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Here's The Changes To An "Offensive" Marriage Booklet The Catholic Church Wouldn't Accept

"They don't want to look, and say 'We should deal with that, because we've hurt people'."

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The woman who took the Catholic Church to the Tasmanian anti-discrimination tribunal over an anti same-sex marriage booklet has slammed the church for ignoring her efforts to make the booklet more respectful.

The booklet, distributed to Catholic schoolchildren and congregations across Australia, outlines the Church's opposition to same-sex marriage and parenting.

Martine Delaney submitted a complaint over the "Don't Mess With Marriage" booklet in September last year, contending that the booklet was "insulting, offensive and humiliating" towards same-sex attracted people.

After the conciliation process broke down, Delaney withdrew her complaint last week due to the cost of a tribunal hearing and her fear that traditional marriage activists would continue to cite the case as evidence their voices were being shut down.

As part of the conciliation process, Delaney submitted a revised version (suggested changes appear in red) of the entire booklet.

She did not remove any Church teachings or beliefs, and mostly inserted words such as "we hold" and "we believe" before various statements.

"The Catholic Church has quite resolutely refused to change anything they've done," Delaney told BuzzFeed News. "They don't want to look, and say 'We should deal with that, because we've hurt people'."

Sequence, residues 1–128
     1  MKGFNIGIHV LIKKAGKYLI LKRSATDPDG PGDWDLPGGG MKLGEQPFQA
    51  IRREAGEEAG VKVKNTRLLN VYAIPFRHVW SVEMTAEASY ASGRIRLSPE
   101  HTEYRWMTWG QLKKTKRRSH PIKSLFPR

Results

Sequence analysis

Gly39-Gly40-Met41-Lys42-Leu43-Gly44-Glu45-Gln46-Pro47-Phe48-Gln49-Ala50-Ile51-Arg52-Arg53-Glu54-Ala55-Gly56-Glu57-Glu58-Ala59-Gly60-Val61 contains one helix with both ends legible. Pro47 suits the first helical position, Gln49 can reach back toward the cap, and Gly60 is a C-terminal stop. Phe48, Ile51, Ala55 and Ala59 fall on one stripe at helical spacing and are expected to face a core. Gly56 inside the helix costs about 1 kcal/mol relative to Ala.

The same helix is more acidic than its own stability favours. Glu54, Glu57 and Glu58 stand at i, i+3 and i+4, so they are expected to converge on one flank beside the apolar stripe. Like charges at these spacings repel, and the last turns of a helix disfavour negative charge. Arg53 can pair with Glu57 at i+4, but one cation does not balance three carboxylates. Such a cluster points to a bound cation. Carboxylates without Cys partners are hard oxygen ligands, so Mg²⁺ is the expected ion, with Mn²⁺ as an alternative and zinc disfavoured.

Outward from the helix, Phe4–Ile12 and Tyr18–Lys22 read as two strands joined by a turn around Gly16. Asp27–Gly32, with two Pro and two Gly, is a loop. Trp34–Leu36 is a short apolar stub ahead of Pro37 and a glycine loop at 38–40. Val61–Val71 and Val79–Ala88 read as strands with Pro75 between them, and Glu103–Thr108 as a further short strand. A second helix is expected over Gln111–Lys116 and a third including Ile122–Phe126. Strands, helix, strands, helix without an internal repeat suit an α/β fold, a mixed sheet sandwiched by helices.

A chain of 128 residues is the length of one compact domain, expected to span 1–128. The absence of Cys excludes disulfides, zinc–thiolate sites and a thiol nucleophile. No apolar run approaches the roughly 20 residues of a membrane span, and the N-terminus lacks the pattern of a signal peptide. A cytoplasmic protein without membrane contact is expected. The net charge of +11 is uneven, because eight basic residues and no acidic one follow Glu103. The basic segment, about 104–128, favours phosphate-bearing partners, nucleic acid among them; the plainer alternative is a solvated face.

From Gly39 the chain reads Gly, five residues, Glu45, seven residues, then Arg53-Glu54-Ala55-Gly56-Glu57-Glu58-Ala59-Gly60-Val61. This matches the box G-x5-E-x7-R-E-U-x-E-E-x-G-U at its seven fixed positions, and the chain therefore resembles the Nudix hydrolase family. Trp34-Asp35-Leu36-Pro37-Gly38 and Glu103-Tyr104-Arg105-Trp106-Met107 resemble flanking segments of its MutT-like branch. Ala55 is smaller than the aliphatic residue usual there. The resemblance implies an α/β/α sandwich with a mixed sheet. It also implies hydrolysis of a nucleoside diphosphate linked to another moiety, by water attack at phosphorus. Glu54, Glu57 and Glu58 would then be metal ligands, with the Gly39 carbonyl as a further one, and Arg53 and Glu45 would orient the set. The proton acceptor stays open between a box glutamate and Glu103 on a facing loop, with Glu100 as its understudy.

In a statement last week, the Australian Catholic Bishops Conference said they entered the negotiations in "good faith".

"In order to have a flourishing democratic society, it is fundamental that all citizens have the freedom to express different convictions according to their judgements, beliefs or faith in a way that respects the dignity of all persons," the statement read.

Delaney changed the wording of sections that described same-sex marriage as "messing with kids" and dismissed same-sex relationships as "friendships".

She said her one goal was to make sure people knew the booklet was a statement of belief, not fact.

"I went to a lot of trouble to actually rework that document to make sure it wasn't making quasi-scientific statements of fact about the parenting abilities of same-sex couples, but it was still very clearly the Church saying we don't agree, and we don't support changes to the Marriage Act," she said.

The Church did not accept the proposed changes and offered a counter proposal in which both parties would state their regret that people had "misinterpreted" their intentions.

The document remains online unaltered.

"I wasn't trying to shut the Church up, I wanted the church to look at not what they were saying, but how they said it," said Delaney.

"The reality is, if this went on for years before it was resolved in the tribunal – during that time, you would have people screaming that they couldn't speak for fear of lawsuits, that they were the persecuted Christians who couldn't speak their minds," Delaney said.

"It's a load of bull."

Julian Porteous' office declined an interview request from BuzzFeed News.





Lane Sainty is a reporter for BuzzFeed News and is based in Sydney, Australia.

Contact Lane Sainty at lane.sainty@buzzfeed.com.

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